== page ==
Onderzoek naar de werking van het Sirius Programma om excellentie in het hoger onderwijs te bevorderen
The project ‘Study into the impact of the Sirius Programme to stimulate excellence in higher education’ was a policy evaluation study implemented by the University of Maastricht (ROA), the Radboud University in Nijmegen (ITS, now KBA) and CHEPS on behalf of the Ministry of Education, Culture and Science (OCW) of the Netherlands that ran in 2014–2015.
In 2008–2014 the Ministry of OCW subsidised in total 20 Dutch higher education institutions to experiment with excellence programmes, i.e. approaches to diversify education within study programmes to challenge highly-talented students more than normally. In the transition to institutionally-funded, sustainable excellence programmes, OCW commissioned ROA, ITS and CHEPS to evaluate the Sirius Programme.
The main research questions included:
- What types of students participate in excellence programmes?
- What do participating students learn in excellence programmes over and above regular education?
- What are benefits for participating students (on the labour market)?
- What are costs and benefits of excellence programmes, in particular, how do excellence programmes affect the wider higher education institutions and their regular education?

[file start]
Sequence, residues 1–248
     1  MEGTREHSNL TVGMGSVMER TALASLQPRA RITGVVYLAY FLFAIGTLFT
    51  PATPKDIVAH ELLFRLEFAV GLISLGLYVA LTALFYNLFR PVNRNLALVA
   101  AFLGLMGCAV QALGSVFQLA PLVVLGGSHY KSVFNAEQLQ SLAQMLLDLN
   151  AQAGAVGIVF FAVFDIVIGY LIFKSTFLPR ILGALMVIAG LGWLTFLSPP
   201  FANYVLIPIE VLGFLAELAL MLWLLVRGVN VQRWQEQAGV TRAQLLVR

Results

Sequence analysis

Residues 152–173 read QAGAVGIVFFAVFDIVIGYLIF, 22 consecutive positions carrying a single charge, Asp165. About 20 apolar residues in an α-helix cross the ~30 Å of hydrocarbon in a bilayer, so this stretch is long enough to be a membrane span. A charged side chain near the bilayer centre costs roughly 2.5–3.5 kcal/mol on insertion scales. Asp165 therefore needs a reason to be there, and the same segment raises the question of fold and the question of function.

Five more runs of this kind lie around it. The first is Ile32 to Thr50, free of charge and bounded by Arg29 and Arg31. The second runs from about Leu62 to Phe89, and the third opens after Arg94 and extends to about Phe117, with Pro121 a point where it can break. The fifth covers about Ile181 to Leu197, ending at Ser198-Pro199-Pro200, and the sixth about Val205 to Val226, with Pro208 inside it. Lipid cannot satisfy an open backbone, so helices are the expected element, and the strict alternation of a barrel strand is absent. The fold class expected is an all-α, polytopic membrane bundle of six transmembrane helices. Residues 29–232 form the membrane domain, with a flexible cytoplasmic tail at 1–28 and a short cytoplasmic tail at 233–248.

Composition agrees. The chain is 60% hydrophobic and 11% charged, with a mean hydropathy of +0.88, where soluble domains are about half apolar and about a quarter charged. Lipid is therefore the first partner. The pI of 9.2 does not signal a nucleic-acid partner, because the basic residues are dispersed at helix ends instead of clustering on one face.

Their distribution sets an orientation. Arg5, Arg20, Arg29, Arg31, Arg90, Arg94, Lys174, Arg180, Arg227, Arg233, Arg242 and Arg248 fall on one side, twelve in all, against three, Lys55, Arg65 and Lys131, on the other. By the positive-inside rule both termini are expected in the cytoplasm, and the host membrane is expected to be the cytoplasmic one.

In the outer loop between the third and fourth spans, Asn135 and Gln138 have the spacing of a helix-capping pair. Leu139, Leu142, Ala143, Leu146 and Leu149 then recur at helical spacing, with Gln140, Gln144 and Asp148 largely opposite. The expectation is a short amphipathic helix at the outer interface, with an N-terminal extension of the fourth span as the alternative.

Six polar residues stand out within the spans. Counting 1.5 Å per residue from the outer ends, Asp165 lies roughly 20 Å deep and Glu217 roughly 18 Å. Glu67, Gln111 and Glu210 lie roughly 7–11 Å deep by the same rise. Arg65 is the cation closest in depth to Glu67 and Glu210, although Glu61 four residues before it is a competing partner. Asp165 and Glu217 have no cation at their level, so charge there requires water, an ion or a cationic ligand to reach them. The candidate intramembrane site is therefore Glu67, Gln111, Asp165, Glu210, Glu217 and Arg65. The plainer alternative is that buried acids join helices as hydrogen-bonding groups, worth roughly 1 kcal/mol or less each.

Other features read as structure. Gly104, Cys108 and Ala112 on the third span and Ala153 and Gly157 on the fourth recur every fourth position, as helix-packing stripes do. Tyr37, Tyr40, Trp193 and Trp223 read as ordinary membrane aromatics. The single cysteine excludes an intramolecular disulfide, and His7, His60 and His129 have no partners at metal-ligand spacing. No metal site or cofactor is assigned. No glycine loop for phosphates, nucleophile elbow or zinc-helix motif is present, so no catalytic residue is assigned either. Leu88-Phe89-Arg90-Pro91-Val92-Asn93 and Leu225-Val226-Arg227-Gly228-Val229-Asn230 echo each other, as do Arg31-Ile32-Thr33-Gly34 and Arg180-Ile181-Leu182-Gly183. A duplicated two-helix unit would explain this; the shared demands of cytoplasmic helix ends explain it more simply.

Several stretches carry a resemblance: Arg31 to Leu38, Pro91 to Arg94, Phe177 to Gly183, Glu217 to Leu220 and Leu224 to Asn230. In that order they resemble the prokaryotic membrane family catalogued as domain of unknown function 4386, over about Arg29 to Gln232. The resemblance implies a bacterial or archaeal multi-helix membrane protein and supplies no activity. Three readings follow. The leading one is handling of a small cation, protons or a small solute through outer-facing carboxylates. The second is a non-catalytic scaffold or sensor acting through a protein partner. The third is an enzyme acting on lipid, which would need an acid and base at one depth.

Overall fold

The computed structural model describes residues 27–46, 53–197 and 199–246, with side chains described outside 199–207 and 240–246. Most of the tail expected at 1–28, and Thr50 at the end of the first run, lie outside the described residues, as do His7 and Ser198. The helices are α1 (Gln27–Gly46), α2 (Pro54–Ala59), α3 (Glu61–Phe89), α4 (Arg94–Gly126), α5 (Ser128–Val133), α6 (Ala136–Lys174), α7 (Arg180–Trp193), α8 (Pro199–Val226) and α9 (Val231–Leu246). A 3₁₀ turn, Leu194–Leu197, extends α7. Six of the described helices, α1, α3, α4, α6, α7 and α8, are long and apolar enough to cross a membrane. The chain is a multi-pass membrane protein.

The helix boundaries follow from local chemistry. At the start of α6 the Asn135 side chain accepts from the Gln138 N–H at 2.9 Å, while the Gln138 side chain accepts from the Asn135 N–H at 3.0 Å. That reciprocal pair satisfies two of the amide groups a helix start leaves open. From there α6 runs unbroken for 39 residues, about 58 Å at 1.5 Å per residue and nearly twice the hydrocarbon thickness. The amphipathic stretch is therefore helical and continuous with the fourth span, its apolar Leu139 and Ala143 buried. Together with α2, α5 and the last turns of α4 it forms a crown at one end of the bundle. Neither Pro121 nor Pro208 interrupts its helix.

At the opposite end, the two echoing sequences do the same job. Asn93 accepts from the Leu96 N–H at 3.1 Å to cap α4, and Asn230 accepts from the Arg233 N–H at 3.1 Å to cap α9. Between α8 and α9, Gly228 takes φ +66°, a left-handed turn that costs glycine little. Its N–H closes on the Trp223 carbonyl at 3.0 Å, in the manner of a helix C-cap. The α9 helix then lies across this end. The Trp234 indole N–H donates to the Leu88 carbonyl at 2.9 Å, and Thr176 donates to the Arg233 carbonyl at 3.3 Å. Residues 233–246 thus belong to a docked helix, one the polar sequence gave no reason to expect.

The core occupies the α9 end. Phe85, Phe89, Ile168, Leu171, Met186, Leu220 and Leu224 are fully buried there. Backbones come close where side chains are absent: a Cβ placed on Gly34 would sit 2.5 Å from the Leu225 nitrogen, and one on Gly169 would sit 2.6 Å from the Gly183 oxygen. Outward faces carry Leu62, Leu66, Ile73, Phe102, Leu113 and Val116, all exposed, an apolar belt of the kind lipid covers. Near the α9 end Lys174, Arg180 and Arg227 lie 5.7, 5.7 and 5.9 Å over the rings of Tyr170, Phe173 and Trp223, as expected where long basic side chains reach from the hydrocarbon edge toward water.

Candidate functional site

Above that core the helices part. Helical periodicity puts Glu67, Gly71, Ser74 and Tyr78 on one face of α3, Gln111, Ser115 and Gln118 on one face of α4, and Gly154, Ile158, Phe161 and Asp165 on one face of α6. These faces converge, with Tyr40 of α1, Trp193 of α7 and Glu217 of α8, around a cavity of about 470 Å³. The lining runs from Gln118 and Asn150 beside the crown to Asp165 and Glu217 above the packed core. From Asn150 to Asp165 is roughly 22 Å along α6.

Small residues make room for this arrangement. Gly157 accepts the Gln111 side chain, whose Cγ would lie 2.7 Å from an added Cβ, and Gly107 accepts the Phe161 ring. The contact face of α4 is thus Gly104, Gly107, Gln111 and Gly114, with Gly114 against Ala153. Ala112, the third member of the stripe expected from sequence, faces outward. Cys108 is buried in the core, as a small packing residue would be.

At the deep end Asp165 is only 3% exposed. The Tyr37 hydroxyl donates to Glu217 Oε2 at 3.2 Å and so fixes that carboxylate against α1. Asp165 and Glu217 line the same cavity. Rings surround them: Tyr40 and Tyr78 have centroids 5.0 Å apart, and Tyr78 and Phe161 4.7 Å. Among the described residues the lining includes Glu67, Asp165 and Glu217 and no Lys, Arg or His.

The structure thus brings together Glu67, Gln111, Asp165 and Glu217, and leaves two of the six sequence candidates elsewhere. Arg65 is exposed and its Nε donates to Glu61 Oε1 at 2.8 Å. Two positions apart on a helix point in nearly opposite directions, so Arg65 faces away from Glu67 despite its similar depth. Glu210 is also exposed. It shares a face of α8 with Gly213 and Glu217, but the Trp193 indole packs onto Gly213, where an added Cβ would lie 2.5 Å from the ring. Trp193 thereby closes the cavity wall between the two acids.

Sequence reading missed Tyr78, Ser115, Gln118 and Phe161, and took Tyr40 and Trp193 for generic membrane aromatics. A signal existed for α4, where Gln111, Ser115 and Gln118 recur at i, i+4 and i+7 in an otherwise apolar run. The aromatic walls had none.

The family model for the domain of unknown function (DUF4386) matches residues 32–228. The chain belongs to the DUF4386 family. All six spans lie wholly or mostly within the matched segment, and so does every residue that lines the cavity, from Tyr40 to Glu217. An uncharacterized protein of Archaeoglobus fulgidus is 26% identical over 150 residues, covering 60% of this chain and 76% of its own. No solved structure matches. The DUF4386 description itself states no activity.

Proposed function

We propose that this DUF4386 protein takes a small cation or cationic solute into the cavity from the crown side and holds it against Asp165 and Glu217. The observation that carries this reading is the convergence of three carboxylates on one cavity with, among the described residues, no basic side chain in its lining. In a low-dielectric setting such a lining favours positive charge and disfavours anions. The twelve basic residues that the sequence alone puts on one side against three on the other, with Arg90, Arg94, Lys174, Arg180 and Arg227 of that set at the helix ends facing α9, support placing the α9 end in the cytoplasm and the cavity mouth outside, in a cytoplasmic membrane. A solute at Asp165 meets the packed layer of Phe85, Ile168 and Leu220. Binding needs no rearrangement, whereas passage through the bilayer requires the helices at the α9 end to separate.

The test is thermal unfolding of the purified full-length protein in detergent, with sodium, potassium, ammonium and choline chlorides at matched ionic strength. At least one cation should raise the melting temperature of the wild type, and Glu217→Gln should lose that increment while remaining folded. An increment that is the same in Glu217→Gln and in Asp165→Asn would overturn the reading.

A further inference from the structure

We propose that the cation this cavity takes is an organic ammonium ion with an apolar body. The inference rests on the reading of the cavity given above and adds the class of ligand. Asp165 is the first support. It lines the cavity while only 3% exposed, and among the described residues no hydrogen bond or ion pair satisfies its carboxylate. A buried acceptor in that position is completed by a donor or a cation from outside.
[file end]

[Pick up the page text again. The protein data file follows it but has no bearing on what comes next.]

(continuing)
The study concluded that there is a wide variety of excellence programmes across the universities and universities of applied sciences that participated in the Sirius Programme. Participating students tended to be highly-motivated, ambitious persons in search for deepening or broadening their knowledge, skills and competences. Some cognitive and social skills of participants on average exceeded those of non-participants. Self-assessments showed positive influence of participation in excellence programmes, although objective tests rather correlated with other, personal factors of students.
Outside higher education institutions, excellence programmes were hardly known, so that external impacts remained negligible, although maybe employers would value the higher competencies of participants per se.
Costs of excellence programmes exceeded those of regular study programmes, though precise figures could not be obtained. Excellence programmes were viewed as sandboxes for experimenting with new educational approaches, and were retained by all institutions that participated in the Sirius Programme.
The project report was published (in Dutch) as: Het beste uit studenten.
As a more in-depth follow-up, the project partners ROA, KBA and CHEPS acquired an NRO grant to study the same research questions over a longer period of time; see the HoRES project.
Contact persons at CHEPS for the Sirius Evaluation are Renze Kolster and Don F. Westerheijden.